When planning what annuals I want in my garden, calendula is a no-brainer addition. It’s a staple in … Read More
The post How to Grow, Dry, And Use Calendula—More Than Just a Garden Beauty appeared first on Garden Therapy.When planning what annuals I want in my garden, calendula is a no-brainer addition. It’s a staple in … Read More
The post How to Grow, Dry, And Use Calendula—More Than Just a Garden Beauty appeared first on Garden Therapy.Read MoreGarden Therapy

When planning what annuals I want in my garden, calendula is a no-brainer addition. It’s a staple in my herbal apothecary, being a powerful wound healer and an amazing skincare herb. And did I mention the sunny yellow flowers are also a stunning ornamental? Here’s everything you need to know about planting calendula and harvesting it for recipes.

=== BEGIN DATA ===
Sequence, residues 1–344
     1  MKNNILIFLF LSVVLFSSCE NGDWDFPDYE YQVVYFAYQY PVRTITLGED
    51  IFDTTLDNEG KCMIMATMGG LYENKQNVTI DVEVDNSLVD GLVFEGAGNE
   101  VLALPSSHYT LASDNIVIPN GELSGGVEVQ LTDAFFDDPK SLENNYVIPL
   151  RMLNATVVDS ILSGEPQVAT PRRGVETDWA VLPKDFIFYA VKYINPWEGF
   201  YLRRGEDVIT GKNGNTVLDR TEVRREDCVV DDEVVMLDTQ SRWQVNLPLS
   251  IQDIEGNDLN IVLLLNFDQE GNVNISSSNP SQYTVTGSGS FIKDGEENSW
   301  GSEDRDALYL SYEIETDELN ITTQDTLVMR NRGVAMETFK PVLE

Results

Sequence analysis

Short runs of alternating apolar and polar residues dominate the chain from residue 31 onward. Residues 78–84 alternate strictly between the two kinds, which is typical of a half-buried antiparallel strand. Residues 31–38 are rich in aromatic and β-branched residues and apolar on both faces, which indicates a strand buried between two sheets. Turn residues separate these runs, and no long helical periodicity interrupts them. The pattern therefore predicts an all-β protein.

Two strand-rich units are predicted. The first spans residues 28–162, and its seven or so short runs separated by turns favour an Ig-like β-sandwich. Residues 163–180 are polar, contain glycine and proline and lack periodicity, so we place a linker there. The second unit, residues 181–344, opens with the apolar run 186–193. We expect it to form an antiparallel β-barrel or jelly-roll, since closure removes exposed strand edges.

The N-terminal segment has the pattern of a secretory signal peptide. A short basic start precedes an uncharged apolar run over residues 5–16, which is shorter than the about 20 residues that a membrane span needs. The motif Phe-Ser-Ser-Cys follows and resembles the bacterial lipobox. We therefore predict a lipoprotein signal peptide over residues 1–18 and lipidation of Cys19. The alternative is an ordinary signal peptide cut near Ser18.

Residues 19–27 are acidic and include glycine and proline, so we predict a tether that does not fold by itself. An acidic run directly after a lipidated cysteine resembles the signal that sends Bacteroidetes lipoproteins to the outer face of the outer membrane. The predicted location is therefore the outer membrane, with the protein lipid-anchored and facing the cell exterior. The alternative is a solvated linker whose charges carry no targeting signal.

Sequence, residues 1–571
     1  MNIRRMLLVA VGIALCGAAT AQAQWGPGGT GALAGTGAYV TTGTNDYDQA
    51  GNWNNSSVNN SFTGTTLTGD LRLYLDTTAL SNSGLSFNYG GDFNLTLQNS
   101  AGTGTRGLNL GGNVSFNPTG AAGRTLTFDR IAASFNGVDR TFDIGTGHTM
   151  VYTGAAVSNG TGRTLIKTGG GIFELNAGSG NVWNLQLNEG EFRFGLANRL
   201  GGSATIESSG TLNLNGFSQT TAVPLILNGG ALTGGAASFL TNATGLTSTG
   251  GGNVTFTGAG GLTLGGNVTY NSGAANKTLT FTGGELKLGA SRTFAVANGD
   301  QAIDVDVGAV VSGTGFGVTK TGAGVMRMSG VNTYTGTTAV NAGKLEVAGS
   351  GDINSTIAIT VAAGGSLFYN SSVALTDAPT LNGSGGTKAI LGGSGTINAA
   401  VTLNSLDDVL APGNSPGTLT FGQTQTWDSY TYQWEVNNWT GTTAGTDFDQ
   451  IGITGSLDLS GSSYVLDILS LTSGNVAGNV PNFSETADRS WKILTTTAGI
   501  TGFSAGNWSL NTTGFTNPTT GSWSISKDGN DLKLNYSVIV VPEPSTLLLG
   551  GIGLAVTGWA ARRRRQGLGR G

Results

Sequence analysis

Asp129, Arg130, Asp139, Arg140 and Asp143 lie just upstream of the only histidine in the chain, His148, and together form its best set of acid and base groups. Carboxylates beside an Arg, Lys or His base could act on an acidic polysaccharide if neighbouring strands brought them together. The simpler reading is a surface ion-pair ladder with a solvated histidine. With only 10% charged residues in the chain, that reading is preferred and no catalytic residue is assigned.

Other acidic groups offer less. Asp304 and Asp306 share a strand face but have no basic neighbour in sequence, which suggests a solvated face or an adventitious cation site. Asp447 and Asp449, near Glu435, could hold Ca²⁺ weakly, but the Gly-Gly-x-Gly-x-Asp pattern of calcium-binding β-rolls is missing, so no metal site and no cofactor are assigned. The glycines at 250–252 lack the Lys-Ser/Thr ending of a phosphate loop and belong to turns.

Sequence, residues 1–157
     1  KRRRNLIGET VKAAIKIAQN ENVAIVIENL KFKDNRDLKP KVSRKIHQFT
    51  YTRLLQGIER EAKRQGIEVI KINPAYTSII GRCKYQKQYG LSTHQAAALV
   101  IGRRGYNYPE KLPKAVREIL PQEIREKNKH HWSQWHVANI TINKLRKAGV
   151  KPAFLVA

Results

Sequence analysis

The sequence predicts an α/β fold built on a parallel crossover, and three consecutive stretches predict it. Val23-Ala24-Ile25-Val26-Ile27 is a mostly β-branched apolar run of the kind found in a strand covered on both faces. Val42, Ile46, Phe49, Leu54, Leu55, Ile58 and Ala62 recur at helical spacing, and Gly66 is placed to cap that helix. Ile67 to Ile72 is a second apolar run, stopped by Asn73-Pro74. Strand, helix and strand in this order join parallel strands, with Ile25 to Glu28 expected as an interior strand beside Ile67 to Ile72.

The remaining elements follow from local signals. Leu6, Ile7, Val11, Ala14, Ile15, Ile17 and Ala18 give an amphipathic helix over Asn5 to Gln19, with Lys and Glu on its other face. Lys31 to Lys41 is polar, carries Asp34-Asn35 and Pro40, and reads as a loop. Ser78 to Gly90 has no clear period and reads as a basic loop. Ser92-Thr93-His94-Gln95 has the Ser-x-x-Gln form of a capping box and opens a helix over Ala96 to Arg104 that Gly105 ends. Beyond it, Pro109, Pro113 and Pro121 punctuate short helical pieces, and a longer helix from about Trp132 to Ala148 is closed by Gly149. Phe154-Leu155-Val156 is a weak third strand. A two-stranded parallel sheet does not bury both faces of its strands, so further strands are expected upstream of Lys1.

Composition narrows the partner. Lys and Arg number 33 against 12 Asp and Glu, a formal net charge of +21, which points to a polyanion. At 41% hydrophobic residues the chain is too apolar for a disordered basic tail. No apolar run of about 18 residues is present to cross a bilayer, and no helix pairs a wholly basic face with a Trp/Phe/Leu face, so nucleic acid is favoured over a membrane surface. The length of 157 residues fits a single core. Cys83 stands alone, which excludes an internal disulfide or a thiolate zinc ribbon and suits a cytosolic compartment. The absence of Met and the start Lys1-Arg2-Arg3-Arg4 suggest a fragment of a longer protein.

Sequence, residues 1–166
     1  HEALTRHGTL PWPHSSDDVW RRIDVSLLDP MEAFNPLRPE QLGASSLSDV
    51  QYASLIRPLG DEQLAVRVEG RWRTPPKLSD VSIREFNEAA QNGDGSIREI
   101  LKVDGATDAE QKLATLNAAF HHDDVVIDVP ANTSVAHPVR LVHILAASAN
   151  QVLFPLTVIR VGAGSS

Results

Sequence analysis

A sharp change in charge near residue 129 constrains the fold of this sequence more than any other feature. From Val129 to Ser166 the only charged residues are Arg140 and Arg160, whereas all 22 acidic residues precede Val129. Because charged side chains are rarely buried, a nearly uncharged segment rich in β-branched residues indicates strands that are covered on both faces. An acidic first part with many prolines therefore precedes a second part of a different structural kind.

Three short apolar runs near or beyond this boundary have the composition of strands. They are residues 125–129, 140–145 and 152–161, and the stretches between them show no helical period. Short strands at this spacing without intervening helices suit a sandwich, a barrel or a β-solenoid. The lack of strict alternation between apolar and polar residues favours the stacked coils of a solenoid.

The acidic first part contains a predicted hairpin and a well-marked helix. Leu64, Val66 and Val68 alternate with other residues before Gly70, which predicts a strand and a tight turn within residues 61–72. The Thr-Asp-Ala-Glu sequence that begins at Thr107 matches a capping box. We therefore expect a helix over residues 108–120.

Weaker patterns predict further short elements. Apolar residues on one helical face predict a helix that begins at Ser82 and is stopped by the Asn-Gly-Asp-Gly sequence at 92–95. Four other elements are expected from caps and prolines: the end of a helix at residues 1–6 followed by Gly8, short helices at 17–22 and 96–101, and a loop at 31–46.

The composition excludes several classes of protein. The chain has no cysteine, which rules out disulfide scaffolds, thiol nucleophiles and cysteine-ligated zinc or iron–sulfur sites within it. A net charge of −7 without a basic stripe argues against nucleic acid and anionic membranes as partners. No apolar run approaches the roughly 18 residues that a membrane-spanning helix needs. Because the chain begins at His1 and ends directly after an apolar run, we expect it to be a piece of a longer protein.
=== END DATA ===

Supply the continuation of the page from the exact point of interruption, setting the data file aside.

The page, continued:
There are a lot of great reasons to grow calendula. In addition to their bright orange and yellow daisy-like blooms which bring cheer to the garden, planting calendula attracts good insects like bees and butterflies while deterring unwanted pests.

But most importantly, calendula has a long-standing reputation as a natural anti-inflammatory skin care treatment. It’s easy to grow, harvest, and dry in the home garden and beneficial for use in recipes and DIY beauty products, a practice that dates back to ancient history.

This post will cover…

Meet the Calendula Flower!Calendula BenefitsHow to Grow Calendula from SeedCalendula Flower MaintenanceCalendula for Companion PlantingHow to Harvest and Dry CalendulaCalendula UsesFrequently Asked Questions About Growing CalendulaMore Tips for Growing Herbs